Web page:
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Series Theme: FRAMEWORKS: Song of Songs

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FRAMEWORKS: Song of Solomon 6:

 

Preliminary Comments: Please ensure you have read the notes in the Introduction. Very well, to begin with, the study which simply seeks to help the reader absorb the text more easily:

 

Possible breakdown :

v.1 The chorus challenge about how much she knows about her love's whereabouts

v.2-3 She suggests he has gone to the gardens

v.4-13 He describes her extensively [the second time] and chides the chorus

 

 

Friends

 

v.1 [so OK, you ought to know, where did he go?] Where has your beloved gone,
    most beautiful of women?
Which way did your beloved turn,
    that we may look for him with you?

 

She

 

v.2 [I think he's gone into the palace garden] My beloved has gone down to his garden,
    to the beds of spices,
to browse in the gardens
    and to gather lilies.
v.3  [there we've been together before and he enjoyed me] I am my beloved's and my beloved is mine;
    he browses among the lilies.

 

He

 

v.4  [(Ah, here you are) my outstanding beautiful bride] You are as beautiful as Tirzah, my darling,
    as lovely as Jerusalem,
    as majestic as troops with banners.
v.5  [look away for I am overwhelmed when you look at me] Turn your eyes from me;
    they overwhelm me.
[your beautiful hair cascades down] Your hair is like a flock of goats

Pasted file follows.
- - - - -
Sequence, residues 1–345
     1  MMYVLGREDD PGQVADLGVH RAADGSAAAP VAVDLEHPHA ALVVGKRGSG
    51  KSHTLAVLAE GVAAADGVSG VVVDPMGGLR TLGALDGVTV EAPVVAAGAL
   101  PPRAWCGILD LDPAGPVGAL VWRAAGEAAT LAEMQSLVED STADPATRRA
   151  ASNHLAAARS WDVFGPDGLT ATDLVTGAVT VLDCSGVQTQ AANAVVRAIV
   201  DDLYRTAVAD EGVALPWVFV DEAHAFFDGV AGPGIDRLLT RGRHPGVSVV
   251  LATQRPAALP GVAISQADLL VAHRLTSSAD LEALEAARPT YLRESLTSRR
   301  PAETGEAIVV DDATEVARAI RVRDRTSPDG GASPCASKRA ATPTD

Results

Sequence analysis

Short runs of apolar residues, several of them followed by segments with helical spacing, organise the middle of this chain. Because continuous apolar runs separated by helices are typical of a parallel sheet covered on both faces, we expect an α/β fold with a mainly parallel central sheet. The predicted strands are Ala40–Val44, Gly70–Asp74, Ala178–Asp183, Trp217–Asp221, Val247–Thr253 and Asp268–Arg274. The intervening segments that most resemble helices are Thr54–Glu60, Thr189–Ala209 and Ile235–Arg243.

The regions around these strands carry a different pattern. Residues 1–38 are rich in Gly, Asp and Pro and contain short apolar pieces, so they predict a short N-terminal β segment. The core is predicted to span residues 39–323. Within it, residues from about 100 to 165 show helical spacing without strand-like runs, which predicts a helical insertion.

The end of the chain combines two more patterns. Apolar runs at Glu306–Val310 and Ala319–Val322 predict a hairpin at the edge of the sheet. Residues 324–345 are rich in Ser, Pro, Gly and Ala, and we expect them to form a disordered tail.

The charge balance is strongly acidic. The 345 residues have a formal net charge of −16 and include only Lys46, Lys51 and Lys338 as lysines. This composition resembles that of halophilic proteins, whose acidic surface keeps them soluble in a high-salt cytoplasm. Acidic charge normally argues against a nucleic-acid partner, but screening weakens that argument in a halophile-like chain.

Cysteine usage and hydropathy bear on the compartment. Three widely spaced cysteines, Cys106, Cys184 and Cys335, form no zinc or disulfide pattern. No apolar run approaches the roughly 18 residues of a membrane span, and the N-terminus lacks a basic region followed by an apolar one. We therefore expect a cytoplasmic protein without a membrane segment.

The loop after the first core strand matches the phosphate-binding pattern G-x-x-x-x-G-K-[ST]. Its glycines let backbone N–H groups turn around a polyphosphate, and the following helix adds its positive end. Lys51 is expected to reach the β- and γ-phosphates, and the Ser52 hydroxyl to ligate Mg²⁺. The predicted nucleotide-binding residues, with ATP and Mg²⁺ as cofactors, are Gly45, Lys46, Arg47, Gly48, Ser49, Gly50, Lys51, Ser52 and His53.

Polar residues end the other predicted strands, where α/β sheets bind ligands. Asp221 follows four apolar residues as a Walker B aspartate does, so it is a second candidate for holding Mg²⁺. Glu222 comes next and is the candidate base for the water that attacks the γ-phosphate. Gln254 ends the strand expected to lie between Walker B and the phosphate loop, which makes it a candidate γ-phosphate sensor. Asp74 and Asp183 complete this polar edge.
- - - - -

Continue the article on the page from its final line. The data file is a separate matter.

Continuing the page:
descending from Gilead.
v.6 [again I say, your teeth as you smile are exquisite] Your teeth are like a flock of sheep
    coming up from the washing.
Each has its twin,
    not one of them is missing.
v.7 [just above your veil your forehead tells me of your beauty] Your temples behind your veil
    are like the halves of a pomegranate.
v.8  [There may be many queens or concubines….] Sixty queens there may be,
    and eighty concubines,
    and virgins beyond number;
v.9 [… but you stand out uniquely] but my dove, my perfect one, is unique,
    the only daughter of her mother,
    the favourite of the one who bore her.
The young women saw her and called her blessed;
    the queens and concubines praised her.

 

Friends

 

v.10  [So who do we see coming in such glory?] Who is this that appears like the dawn,
    fair as the moon, bright as the sun,
    majestic as the stars in procession?

 

He

 

v.11 [I went about my business but before I knew it I was on my chariot] I went down to the grove of nut trees
    to look at the new growth in the valley,
to see if the vines had budded
    or the pomegranates were in bloom.
v.12  Before I realised it,
    my desire set me among the royal chariots of my people.

 

Friends

 

v.13 [Beautiful woman stay so we can see your beauty] Come back, come back, O Shulammite;
    come back, come back, that we may gaze on you!

 

He

 

[don't you watchers demean my love] Why would you gaze on the Shulammite
    as on the dance of Mahanaim?

 

[Concluding Comment: For the first time there is a tenuous suggestion that he might be Solomon. See v.8 about queens etc. but this may be him saying, “Solomon may have all his queens and concubines, but I've got the best- you!” Verse 12 is also enigmatic about royal chariots but ‘my people' may just mean ‘the Jews'. Again a chapter about locations and activities. Note in this chapter the second question, “Who is this?” 6:10, the answer of which is not clear – just the lover whoever he is. Twice in this chapter, in verse 13, she is called a Shulammite, an unknown name.]